Chile-Roasted Shrimp Recipe
Adapted from "Real Cajun: Rustic Home Cooking from Donald Link's Louisiana" by Donald Link
Serves 4 as a main course, 6 to 8 as an appetizer
In Louisiana, different sizes of shrimp are typically used for specific dishes. Small shrimp usually end up in gumbos, stews, or étouffées; medium shrimp are for spicy boils, po’ boys, and frying (but let’s face it, all sizes are good fried). The largest, most beautiful shrimp are saved for special preparations, and they are almost always cooked in the shell. I came up with this simple recipe as an alternative to the more classic barbecued shrimp (made with butter and hot sauce), for a similarly spicy result that doesn’t mask the fresh flavor and texture of the shrimp.
I’ve called for red jalapeños because they are widely available, but my first choice is the fresh paprika chiles that we grow in our garden in New Orleans. If you are ever able to get your hands on them, they are incredible, with a perfect balance of sweetness and heat. If you live in the South, try to grow them—you will never see a plant produce more chiles for a longer season.
What to buy: If you can’t find red jalapeños, green jalapeños or red Fresno chiles are a good substitute.
This dish was featured as part of our Mardi Gras recipe gallery.
- 1 pound large head-on shrimp
- 1/2 cup plus 2 tablespoons olive oil
- 3 red jalapeños, stemmed (not seeded) and thinly sliced
- 2 garlic cloves, thinly sliced
- 1 tablespoon dried oregano
- 1 tablespoon kosher salt
- 1 teaspoon freshly ground black pepper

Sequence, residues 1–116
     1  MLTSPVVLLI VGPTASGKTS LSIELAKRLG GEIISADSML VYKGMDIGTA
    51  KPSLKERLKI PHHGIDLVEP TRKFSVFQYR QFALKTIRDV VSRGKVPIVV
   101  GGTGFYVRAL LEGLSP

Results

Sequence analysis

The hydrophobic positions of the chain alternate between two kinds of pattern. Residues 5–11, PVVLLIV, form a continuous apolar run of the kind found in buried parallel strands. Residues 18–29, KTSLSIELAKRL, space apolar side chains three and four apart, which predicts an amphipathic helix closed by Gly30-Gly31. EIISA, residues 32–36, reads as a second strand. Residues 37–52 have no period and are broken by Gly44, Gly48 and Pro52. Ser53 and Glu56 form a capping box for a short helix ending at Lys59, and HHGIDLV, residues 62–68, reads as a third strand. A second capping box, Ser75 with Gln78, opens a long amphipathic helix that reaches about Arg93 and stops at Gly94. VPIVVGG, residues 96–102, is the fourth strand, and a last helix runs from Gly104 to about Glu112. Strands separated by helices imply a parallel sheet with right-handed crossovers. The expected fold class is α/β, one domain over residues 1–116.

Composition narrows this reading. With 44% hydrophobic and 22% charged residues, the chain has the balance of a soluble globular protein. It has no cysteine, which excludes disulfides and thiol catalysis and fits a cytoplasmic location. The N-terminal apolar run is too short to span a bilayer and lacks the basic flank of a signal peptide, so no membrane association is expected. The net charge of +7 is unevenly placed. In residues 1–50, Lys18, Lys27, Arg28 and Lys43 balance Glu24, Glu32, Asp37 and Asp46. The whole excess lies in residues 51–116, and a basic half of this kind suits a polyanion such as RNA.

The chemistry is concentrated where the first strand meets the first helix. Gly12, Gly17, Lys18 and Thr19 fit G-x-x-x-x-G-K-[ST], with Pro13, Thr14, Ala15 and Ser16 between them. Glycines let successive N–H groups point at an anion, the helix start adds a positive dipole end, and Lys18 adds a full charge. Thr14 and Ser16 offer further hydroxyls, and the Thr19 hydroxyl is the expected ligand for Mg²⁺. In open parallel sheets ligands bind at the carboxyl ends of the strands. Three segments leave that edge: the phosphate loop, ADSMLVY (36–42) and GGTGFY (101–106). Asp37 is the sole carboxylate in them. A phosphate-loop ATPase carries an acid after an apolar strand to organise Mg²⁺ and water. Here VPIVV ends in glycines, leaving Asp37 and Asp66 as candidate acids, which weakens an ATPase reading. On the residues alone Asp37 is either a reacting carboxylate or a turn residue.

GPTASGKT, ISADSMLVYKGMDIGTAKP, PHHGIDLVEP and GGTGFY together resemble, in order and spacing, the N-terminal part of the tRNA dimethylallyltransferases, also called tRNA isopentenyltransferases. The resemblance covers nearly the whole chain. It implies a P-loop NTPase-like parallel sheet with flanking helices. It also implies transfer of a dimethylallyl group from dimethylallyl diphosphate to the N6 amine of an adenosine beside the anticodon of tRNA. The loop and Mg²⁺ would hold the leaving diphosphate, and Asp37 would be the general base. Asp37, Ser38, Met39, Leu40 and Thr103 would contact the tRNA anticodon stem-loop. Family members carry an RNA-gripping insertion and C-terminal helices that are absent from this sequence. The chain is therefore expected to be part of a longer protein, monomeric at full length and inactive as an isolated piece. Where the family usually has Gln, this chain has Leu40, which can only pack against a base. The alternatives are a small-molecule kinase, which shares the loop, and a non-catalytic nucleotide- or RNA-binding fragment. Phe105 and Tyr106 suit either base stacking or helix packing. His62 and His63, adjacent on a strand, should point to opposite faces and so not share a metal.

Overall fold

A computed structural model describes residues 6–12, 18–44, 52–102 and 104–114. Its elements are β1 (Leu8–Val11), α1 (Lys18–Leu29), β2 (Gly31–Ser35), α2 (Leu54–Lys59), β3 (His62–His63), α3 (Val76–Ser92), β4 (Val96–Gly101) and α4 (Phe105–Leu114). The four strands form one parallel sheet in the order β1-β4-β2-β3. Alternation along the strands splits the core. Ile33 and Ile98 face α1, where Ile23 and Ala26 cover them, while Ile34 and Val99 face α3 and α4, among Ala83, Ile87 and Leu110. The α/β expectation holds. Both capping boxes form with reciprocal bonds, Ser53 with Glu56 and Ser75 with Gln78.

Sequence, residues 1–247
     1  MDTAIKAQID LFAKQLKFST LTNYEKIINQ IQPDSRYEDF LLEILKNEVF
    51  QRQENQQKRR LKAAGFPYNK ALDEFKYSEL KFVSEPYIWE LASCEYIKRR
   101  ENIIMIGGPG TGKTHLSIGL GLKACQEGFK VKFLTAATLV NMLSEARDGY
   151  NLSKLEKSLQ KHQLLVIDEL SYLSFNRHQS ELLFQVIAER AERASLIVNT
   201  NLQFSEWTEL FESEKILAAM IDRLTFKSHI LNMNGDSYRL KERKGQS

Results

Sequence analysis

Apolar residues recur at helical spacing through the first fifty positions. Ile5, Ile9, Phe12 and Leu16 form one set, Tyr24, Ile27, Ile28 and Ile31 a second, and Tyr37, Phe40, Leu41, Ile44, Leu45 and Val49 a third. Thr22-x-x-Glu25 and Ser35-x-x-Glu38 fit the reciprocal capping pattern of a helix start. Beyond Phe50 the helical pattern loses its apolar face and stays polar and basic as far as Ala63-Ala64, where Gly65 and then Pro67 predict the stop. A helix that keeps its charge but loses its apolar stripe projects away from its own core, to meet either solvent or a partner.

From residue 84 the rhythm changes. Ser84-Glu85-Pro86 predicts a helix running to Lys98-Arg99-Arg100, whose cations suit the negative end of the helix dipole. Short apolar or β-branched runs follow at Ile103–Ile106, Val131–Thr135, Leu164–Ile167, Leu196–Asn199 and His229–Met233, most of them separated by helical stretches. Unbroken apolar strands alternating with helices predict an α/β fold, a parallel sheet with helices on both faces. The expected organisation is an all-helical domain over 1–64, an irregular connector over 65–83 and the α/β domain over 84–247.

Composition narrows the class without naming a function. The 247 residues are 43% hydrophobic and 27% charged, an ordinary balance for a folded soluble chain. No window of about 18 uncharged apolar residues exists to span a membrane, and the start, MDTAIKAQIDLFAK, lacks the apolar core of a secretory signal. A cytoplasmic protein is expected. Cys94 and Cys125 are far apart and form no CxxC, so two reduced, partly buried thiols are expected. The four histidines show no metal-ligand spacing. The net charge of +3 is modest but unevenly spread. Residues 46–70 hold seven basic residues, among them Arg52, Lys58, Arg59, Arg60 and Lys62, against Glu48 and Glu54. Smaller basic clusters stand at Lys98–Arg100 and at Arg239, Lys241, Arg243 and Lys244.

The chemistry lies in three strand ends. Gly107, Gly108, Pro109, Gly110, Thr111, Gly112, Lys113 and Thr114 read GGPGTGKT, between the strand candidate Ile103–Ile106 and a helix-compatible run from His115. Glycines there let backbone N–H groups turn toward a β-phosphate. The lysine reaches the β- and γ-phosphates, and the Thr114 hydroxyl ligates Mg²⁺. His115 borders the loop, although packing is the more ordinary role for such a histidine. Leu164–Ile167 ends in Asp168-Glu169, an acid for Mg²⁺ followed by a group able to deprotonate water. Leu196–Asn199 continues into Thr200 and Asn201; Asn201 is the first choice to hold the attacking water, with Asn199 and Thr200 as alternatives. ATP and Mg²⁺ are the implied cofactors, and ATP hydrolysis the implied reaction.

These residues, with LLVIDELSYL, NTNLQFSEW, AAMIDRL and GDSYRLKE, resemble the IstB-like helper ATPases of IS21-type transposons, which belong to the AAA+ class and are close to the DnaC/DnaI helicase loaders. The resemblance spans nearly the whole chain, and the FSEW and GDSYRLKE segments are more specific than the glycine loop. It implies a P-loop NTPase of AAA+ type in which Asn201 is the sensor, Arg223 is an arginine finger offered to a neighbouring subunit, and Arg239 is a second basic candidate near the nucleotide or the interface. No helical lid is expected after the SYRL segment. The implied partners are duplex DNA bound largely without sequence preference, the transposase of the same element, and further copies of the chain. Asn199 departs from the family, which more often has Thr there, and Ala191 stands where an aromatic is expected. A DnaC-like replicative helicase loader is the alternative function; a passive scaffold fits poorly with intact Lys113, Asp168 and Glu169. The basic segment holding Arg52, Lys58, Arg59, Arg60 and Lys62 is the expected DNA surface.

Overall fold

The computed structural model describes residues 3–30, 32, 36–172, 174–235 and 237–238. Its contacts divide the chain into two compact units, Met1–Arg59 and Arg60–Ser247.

- Juice of 1 lemon
- 1 cup shrimp stock or water
- 1 tablespoon butter
- In a large bowl, combine the shrimp with 1/2 cup of the olive oil, jalapeños, garlic, oregano, salt, pepper, and lemon juice and toss well to mix. Cover with plastic wrap and marinate the shrimp at room temperature for 20 minutes, or refrigerate for up to 6 hours.
- Preheat your oven as high as it will go and arrange a rack in the middle. Place a rimmed baking sheet in the oven for at least 10 minutes so that it gets extremely hot. (My favorite pan to use for this is a thin blue steel pan; they are very cheap and conduct heat really well.) Meanwhile, remove the shrimp from the marinade and discard the marinade. Very carefully remove the hot pan from the oven and gently spread the shrimp across it in one layer—a little crowding is OK. Roast the shrimp until they turn bright pink, 5 to 8 minutes, stirring only once. (Opening the oven too many times will allow too much heat to escape.)
- Remove the shrimp from the oven and immediately pour the stock or water over them while still on the baking sheet. Finish with the remaining 2 tablespoons olive oil and butter; toss to coat evenly. (The heat of the baking sheet should cause the liquids to bubble and reduce slightly. If the pan doesn’t seem quite hot enough, you can transfer the liquid to a saucepan and place it over medium-high heat, allowing the sauce to reduce for a minute or two, then toss with the shrimp.)
- Serve the shrimp and sauce with good bread, cold beer, and plenty of napkins.
Recipe provided by Chef Donald Link, author of “Real Cajun: Rustic Home Cooking from Donald Link’s Louisiana.” Adapted with permission from “Real Cajun.”
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